Rust and Bone (De rouille et d'os)

First Hit:  Superior acting in a dark, moody and excellent film.

This film is rarely a “feel good film” but the superior acting by Marion Cotillard (as Stephanie) and Matthias Schoenaerts (as Alain van Versch) make this a very strong film.

Alain and his son Sam (played by Armand Verdure) are homeless and trying to get to his Alain’s sisters house. His sister Anna (played by Corinne Masiero) and her husband Richard (Jean-Michael Correia) welcome him and his son although there isn’t any love lost between them.

It is clear at the beginning that Alain is self-centered, arrogant, and selfish but he does love his son. He doesn’t think through his actions and generally does what he wants when he wants to. As a security guard, he meets Stephanie after she’s been hit while drunk at a dance club. He takes her home meets her lover but leaves his number anyway.

Stephanie is an Orca trainer at a water show. She loves what she does, but it is clear her shadow self is part of her life. A mishap with the Orcas and she loses her legs. Depressed and suicidal she reaches out to Alain. His selfish but caring manner has her come out of her shell.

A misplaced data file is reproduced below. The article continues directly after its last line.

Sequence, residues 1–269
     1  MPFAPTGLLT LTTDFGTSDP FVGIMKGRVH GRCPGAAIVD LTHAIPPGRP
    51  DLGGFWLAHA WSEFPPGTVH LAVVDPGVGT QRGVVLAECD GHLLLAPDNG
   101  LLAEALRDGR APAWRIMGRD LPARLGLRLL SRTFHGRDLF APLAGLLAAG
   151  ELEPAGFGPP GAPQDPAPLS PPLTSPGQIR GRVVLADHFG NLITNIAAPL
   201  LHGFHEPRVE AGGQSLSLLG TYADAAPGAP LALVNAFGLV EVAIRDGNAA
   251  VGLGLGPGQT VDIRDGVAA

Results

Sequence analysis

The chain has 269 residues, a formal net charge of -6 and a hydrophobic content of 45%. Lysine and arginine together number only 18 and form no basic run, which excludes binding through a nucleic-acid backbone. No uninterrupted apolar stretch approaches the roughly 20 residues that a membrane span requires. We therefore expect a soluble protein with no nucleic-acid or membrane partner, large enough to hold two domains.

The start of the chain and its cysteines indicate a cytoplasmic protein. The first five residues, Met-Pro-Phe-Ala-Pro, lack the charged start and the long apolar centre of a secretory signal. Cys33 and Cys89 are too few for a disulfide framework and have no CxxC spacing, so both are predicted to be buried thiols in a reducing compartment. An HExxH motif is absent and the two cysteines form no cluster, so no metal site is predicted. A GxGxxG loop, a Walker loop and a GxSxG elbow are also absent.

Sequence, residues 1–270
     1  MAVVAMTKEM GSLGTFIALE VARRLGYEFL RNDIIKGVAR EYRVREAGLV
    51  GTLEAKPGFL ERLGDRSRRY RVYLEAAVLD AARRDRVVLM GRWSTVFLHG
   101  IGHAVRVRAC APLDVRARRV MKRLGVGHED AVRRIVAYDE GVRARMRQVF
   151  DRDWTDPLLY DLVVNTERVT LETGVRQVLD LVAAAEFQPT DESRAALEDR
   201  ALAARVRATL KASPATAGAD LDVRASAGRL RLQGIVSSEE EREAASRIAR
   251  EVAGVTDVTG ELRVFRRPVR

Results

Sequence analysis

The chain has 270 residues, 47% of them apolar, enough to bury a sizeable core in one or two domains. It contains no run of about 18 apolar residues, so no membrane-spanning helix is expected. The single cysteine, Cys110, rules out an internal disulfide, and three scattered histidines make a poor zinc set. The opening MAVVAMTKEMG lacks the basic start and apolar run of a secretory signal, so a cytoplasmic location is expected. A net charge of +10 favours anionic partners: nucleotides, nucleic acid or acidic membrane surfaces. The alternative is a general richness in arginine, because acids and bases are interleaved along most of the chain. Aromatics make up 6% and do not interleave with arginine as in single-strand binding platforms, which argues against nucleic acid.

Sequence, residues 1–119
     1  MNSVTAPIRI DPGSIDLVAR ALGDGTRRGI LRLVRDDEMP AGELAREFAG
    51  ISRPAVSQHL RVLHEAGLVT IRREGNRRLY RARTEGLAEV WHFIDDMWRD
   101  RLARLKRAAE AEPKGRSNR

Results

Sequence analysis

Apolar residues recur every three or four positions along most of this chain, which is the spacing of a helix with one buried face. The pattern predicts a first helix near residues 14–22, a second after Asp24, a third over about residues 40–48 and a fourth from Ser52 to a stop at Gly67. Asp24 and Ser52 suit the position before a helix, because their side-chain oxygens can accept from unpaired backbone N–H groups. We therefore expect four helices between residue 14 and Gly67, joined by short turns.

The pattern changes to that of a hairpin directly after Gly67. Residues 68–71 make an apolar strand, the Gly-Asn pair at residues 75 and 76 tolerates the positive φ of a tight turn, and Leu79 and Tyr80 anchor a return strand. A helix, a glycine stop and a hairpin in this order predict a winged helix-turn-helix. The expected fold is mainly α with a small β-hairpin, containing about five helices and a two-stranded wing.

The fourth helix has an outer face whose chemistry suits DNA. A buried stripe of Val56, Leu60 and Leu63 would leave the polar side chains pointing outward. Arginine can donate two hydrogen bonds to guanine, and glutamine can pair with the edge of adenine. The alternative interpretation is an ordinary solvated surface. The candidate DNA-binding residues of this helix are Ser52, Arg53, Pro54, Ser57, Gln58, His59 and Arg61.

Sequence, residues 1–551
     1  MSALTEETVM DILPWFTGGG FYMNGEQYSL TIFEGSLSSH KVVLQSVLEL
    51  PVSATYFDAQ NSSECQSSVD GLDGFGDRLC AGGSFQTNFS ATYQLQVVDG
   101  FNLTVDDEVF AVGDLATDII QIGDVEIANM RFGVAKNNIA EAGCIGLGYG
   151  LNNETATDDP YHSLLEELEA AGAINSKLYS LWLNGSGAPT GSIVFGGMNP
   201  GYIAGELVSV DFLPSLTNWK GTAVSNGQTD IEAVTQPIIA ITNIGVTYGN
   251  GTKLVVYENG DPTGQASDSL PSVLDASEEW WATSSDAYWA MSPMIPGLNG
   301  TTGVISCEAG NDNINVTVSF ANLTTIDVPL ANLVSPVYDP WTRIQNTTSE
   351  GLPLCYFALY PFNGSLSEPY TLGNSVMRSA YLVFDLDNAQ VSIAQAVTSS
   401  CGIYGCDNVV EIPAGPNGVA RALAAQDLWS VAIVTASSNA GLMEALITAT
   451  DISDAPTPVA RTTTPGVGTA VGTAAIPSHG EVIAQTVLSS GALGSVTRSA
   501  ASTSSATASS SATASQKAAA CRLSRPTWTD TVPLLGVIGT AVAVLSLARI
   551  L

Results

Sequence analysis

There begins the story of their redemption for their actions and a willingness to grow into acceptance of who they are and what they want.

Cotillard is sublime in this role. The variety of emotions, feelings, and actions are done so well that this role is Oscar worthy. Versch is very good as a kind and selfish brute. Masiero was strong as the sister who finds ways to make her life work. Correia was great to seen again and, as always, wonderful as the sister’s husband who tries to make peace between the occasional warring siblings. Jacques Audiard and Thomas Bidegain wrote a very strong script. Audiard directed this film with strength and elegance.

Overall:  A very wonderful film which deserves any Oscar recognition it gets – probably more.